Local background of the social innovations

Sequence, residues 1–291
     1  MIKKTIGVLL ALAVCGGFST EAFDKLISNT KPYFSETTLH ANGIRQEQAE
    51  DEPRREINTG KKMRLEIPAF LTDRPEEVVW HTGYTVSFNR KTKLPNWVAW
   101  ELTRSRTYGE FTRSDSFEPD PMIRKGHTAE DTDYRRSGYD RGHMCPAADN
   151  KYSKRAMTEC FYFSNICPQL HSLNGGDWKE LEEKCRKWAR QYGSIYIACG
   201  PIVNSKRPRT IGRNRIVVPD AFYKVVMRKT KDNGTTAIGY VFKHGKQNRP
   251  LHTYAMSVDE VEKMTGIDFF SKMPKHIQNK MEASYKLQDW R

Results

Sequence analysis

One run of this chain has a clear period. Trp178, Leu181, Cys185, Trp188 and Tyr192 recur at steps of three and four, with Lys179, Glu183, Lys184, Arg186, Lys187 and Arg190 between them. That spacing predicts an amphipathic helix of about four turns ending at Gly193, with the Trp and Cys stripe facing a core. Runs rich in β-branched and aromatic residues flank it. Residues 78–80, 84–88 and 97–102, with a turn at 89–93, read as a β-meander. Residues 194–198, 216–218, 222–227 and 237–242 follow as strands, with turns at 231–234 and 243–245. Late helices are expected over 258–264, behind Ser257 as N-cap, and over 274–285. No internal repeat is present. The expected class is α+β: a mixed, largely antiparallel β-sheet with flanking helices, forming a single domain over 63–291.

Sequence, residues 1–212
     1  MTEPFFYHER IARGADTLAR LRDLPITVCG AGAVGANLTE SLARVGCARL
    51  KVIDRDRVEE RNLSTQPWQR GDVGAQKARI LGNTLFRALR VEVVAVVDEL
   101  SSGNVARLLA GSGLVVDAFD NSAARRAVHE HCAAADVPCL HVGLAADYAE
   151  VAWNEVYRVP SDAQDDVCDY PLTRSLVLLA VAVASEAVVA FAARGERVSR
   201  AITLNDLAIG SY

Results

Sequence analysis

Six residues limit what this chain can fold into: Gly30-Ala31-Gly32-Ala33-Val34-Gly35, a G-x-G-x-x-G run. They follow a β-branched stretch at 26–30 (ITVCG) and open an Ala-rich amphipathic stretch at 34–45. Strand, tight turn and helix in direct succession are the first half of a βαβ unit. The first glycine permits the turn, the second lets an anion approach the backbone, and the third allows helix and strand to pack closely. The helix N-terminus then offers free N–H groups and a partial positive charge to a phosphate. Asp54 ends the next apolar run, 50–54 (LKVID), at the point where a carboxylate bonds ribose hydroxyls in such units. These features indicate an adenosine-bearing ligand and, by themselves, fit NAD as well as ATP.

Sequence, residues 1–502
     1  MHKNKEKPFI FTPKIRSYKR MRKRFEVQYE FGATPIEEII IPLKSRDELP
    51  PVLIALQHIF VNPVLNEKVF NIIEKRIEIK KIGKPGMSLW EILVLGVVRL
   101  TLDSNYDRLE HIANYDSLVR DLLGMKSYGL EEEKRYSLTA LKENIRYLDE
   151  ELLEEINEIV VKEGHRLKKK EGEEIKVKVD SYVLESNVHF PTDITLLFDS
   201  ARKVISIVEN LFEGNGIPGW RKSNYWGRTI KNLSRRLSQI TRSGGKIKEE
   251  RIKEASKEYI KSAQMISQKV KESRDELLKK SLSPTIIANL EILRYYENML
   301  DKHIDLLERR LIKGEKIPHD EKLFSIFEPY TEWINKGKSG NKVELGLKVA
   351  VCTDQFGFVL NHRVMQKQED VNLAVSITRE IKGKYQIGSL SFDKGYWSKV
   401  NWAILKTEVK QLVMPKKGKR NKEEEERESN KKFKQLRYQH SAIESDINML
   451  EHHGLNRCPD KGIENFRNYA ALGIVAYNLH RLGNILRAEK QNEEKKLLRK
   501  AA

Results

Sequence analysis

Over time, a strongly left-wing political culture emerged in Nijmegen. Its key values related to the protection of the less well off: solidarity, equal opportunities to participate in society and the urge for an “undivided” city. Over the past few years, a fear of increasing divisions between residents in the periphery (roughly the west and the areas around the canal) and other areas (north, east and centre) brought these discourses to the foreground. What these discourses mean for the “innovativeness” of the city is rather ambiguous. For some, Nijmegen has been always a front-runner when it comes to social renewal because of the progressive and entrepreneurial spirit that appears to arise from politics and the university. For others, however, the city has too long been a “caressing” state, while sometimes an “innovative kick” might have been better. The need to take care of the less well-off has led to a comprehensive local welfare system with a passive role for the recipients of that help, they argue. Yet, now that Dutch municipalities are facing big financial cutbacks, the maintainability of such a system is threatened. Moreover, there are broader (national/European) trends, as well as national policies and regulations, which undeniably have an influence on the way Nijmegen organises its local welfare. To begin with, as elsewhere in the Netherlands, the “Neighbourhood Development Programme” (wijkaanpak) has changed the role of housing corporations in neighbourhoods and paved the way for experimentation. Furthermore, ongoing decentralisation of welfare, especially in the field of care, has an impact on thinking about how and by whom welfare policies should be implemented. Finally, perceptions of the rights and obligations of people on income support have also changed.